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Hamas says latest cease-fire talks have ended. Israel vows a military operation soon

Israeli soldiers drive a tank at a staging ground near the border with the Gaza Strip, in southern Israel on Sunday.
Tsafrir Abayov
/
AP
Israeli soldiers drive a tank at a staging ground near the border with the Gaza Strip, in southern Israel on Sunday.

JERUSALEM — The latest round of Gaza cease-fire talks ended in Cairo after "in-depth and serious discussions," the Hamas militant group said Sunday, reiterating key demands that Israel again rejected. After earlier signs of progress, the outlook appeared to dim as Prime Minister Benjamin Netanyahu vowed to resist international pressure to halt the war.

Israel closed its main crossing point for delivering badly needed humanitarian aid for Gaza after Hamas attacked it. Defense Minister Yoav Gallant claimed Hamas wasn't serious about a deal and warned of "a powerful operation in the very near future in Rafah and other places across all of Gaza."

Israel didn't send a delegation to the talks mediated by Egypt and Qatar. Egyptian state media reported that the Hamas delegation went for discussions in Qatar, where the group has a political office, and will return to Cairo for further negotiations on Tuesday.

Another threat to talks came as Israel ordered the local offices of Qatar's Al Jazeera satellite news network to close, accusing it of broadcasting anti-Israel incitement. The ban did not appear to affect the channel's operations in Gaza or the West Bank.

Netanyahu, under pressure from hard-liners in his government, continued to lower expectations for a cease-fire deal, calling the key Hamas demands "extreme" — including the withdrawal of Israel forces from Gaza and an end to the war. That would equal surrender after the Hamas attack on Oct. 7 that triggered the fighting, he said.

Hamas leader Ismail Haniyeh in a statement earlier said the militant group was serious and positive about the negotiations and that stopping Israeli aggression in Gaza is the main priority.

But Israel's government again vowed to press on with a military operation in Rafah, the southernmost Gaza city on the border with Egypt where more than half of Gaza's 2.3 million residents now seek shelter from Israeli attacks. Rafah is a key entry point for aid.

A main crossing point for delivering aid for Gaza is now closed

Kerem Shalom, now closed, is another. The Israeli military reported 10 projectiles were launched at the crossing in southern Israel and said its fighter jets later struck the source. Hamas said it targeted Israeli soldiers in the area. Israel's Channel 12 TV channel said 10 people were wounded, three seriously. It was unclear how long the crossing would be closed.

The head of the U.N. agency for Palestinian refugees, Philippe Lazzarini, called for an independent investigation and "accountability for the blatant disregard of humanitarian workers." He also said Israel this week denied him entry to Gaza for a second time.

The closing of Kerem Shalom came shortly after the head of the U.N. World Food Program asserted "full-blown famine" in devastated northern Gaza, one of the most prominent warnings yet of the toll of restrictions on aid entering the territory. The comments were not a formal famine declaration.

In expanded remarks as the full NBC interview was released, WFP chief Cindy McCain said famine was "moving its way south" in Gaza and that Israel's efforts to allow in more aid were not enough. "We have right now a mass on the outside border, about enough trucks and enough food for 1.1 million people for about three months. We need to get that in," she said.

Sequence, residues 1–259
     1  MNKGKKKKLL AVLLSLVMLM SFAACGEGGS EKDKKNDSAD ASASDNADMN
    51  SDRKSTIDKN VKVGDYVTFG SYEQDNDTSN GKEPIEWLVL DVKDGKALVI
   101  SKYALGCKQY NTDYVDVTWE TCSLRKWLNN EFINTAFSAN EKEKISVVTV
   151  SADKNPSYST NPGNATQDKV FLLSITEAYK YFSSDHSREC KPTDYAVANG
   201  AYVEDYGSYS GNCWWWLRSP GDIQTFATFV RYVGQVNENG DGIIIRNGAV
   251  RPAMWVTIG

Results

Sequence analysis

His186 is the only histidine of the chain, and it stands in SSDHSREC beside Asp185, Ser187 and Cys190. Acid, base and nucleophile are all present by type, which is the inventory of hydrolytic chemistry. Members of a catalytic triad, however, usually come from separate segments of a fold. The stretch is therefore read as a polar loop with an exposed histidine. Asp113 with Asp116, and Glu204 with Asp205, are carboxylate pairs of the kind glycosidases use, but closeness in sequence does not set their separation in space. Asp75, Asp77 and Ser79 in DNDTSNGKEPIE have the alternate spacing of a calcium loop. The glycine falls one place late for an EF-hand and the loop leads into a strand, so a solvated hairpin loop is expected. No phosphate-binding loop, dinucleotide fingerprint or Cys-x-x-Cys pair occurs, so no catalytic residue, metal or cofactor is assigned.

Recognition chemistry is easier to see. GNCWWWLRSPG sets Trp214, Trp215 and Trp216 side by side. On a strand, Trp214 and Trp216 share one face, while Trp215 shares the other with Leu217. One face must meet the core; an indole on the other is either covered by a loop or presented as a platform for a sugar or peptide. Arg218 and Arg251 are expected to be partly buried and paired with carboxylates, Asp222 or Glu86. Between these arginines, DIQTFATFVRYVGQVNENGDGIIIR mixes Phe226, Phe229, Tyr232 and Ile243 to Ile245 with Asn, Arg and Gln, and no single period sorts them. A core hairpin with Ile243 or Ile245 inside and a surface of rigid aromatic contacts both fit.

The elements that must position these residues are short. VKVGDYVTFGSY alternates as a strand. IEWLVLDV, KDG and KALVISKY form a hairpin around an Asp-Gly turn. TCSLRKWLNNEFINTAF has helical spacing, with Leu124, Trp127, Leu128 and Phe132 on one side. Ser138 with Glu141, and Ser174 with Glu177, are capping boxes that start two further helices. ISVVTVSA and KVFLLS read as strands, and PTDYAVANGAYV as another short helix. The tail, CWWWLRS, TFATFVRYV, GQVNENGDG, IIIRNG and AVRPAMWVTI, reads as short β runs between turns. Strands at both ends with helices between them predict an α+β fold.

Gaza's vast humanitarian needs put pressure on the pursuit of a cease-fire. The proposal that Egyptian mediators put to Hamas sets out a three-stage process that would bring an immediate, six-week cease-fire and partial release of Israeli hostages taken on Oct. 7, and would include some sort of Israeli pullout. The initial stage would last for 40 days. Hamas would start by releasing female civilian hostages in exchange for Palestinian prisoners held by Israel.

Netanyahu claimed that Israel has shown willingness to make concessions but said it "will continue fighting until all of its objectives are achieved." That includes the stated aim of crushing Hamas. Israel says it must target Rafah to strike remaining fighters there despite warnings from the U.S. and others about the danger to civilians.

An Israeli strike Sunday on the al-Attar family house in an urban refugee camp near Rafah killed four children, including a baby, and two adults, according to Abu Youssef al-Najjar Hospital.

Another Israeli strike on the Nuseirat refugee camp in central Gaza killed at least five people, according to Aqsa Martyrs Hospital, which received the bodies. Israel's military said it struck a Hamas command center in central Gaza. It didn't mention casualties.

In a fiery speech for Israel's annual Holocaust memorial day, Netanyahu added: "I say to the leaders of the world, no amount of pressure, no decision by any international forum will stop Israel from defending itself."

The Hamas cross-border attack on Oct. 7 killed some 1,200 people and took 250 others hostage. Israel says militants still hold around 100 hostages and the remains of more than 30 others. Netanyahu is under growing pressure from some hostages' families to make a deal to end the war and get hostages freed.

Israeli's air and ground offensive has killed over 34,500 people, according to Palestinian health officials, who don't differentiate between civilians and combatants but say women and children make up a majority of those killed.

Israel blames Hamas for civilian deaths, accusing it of embedding in residential and public areas. The Israeli military says it has killed 13,000 militants, without providing evidence to back up the claim.

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